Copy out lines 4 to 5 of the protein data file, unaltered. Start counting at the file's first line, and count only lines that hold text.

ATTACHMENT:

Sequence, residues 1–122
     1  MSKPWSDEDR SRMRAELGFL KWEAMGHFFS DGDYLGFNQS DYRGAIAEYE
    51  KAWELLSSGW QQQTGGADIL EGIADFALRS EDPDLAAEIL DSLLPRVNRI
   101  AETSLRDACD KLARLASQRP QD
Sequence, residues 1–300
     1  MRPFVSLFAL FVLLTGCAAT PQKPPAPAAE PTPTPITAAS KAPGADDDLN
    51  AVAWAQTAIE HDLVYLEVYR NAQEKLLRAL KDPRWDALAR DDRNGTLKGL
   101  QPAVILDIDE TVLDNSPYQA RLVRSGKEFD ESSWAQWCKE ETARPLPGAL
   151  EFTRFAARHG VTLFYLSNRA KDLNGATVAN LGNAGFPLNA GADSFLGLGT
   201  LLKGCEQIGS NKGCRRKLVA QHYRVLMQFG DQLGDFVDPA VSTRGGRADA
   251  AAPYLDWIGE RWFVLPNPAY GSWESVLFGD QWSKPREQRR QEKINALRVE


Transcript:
   101  AETSLRDACD KLARLASQRP QD
Sequence, residues 1–300